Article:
Joel’s Law and dealing with lawsuits, disasters, and an increase in child abuse reports

The House Appropriations committee is planning to hear two bills Today, (Jan. 26, 2015):

HB 1258 – Concerning court review of detention decisions under the involuntary treatment act. This is “Joel’s Law,” a bill creating the ability for parents and other family members to provide information to the court in involuntary treatment act cases. The House passed this bill 97-1 last year and it was blocked in the Senate.

The law is named after Joel Reuter, a bright, beloved software programmer who lived on Capitol Hill. When he spun into a severe manic episode of bipolar disorder in 2013, Washington’s fractured mental-health system offered no cushion, despite pleadings from his parents and friends to have him involuntarily hospitalized.

Instead, Joel, believing he was fighting zombies, was killed by Seattle police. He was 28.
Seattle Times Editorial | January 22, 2015

Joel’s Law is a targeted intervention in the mental health system. It will allow parents and family members to provide input to a judge making the final decision to commit someone involuntarily. Parents often have the most information about the situation, enabling the judge to make a more informed decision. It’s heartbreaking to hear the stories of parents who watch children drift in an out of severe mental illness, getting worse at every turn. We’re better than this, or at least we should be.

HB 1105 – Making 2015 supplemental operating appropriations. This is a super-early, super-small supplemental budget responding to lawsuits, child abuse caseload increases, and natural disasters (Oso and the big fire season.) Rep. Bruce Chandler (R-Granger) and I are jointly introducing the proposed bill, and I expect it to get significant bipartisan support.

The state lost a lawsuit ten years ago on how the homecare system for low-income seniors and the disabled is paid for. It finally made its way through the Supreme Court and the state lost. We’re paying tens of thousands a day in interest on the judgment and I’d like to get it paid off.

Last summer the state Supreme Court said that we can no longer keep patients waiting in emergency rooms because we don’t have capacity in our mental health system to evaluate and treat them. In many cases these folks are shackled to gurneys in hallways. Even in more humane cases they’re not getting the treatment they need and often get significantly worse waiting for a space.

We expect to lose a third case when a federal district court judge makes a decision in March and we are therefore taking corrective action now. This is similar to the emergency room case above, but occurs when local police arrest someone and ask for a mental health evaluation to see if the person is competent to stand trial. The law says we can’t keep them for more than 7 days in jail without an evaluation and a room at the state mental hospital. In many cases we’re keeping them in solitary confinement in county and city jails for months. People without mental issues are badly affected by solitary confinement, and for the mentally ill it’s torture and they just get worse.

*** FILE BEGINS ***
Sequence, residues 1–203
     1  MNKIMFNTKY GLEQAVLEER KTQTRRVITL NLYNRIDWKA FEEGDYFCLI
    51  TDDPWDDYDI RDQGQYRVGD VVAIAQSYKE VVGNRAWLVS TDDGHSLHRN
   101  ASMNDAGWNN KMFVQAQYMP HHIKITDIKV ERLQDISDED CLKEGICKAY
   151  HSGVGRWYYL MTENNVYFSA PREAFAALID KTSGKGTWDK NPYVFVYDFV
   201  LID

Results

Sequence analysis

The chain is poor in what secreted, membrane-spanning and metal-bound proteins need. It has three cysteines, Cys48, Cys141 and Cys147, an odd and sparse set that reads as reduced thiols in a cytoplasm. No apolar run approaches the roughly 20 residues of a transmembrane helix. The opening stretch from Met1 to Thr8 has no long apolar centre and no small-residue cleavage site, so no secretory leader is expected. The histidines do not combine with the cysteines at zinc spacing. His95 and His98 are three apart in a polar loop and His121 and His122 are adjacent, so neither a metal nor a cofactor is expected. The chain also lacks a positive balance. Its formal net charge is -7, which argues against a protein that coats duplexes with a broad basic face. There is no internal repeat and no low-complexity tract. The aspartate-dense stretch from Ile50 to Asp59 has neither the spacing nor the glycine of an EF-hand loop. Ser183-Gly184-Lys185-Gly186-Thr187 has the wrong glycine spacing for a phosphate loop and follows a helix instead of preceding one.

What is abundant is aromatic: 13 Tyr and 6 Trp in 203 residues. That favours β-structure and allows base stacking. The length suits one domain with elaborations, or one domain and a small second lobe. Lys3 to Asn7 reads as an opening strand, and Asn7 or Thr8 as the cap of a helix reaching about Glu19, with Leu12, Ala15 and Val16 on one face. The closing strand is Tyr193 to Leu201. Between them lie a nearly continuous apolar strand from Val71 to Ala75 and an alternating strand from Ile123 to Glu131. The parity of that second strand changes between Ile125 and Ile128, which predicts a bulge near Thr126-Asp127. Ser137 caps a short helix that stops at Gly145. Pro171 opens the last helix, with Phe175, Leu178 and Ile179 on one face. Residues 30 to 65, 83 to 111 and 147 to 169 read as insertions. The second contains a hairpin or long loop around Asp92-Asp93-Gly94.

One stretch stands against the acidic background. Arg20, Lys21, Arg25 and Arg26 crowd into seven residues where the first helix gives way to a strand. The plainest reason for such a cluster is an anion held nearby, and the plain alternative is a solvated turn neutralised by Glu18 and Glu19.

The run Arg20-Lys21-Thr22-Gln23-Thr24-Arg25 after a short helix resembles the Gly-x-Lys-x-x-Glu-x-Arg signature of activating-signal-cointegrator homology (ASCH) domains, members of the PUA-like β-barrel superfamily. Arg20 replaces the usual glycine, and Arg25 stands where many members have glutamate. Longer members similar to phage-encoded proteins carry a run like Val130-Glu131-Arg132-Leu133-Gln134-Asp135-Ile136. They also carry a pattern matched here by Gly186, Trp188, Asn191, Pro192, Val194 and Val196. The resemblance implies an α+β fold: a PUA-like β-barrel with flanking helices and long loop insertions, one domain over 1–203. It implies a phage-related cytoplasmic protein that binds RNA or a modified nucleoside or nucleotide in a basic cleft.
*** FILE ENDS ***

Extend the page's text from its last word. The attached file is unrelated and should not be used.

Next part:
Again, the Seattle Times (or at least editorial writer Jonathan Martin) is unsparing in their disdain here:

The $90 million cut from the state’s mental health system from 2009 to 2013 directly led to a state Supreme Court’s ruling in August banning very sick patients from being warehoused in hospitals, and probably will lead to a similar ruling next year regarding a lack of treatment in jails. A wavering financial commitment to court-ordered foster care reforms in the same era resulted in an extension of court oversight.
Seattle Times | November 14, 2014

With this supplemental budget we create more space at the mental hospitals, more treatment slots outside the hospitals, raise compensation for psychiatrists so we can actually hire some, and a bunch of other items that fix problems with the system. It’s not everything we need to do to have the system be functional, but it’s a step towards repairing the damage we did during the recession.

I expect the bills to both pass out of committee on Wednesday relatively unchanged and to pass out of the House either Thursday or Monday. I hope the Senate will give both serious consideration.

About the Author

Ross
I am the Director of the Department of Early Learning for Washington State. I formerly represented the 48th Legislative District in the State House of Representatives, chairing the Appropriations committee and spent many a year at Microsoft.

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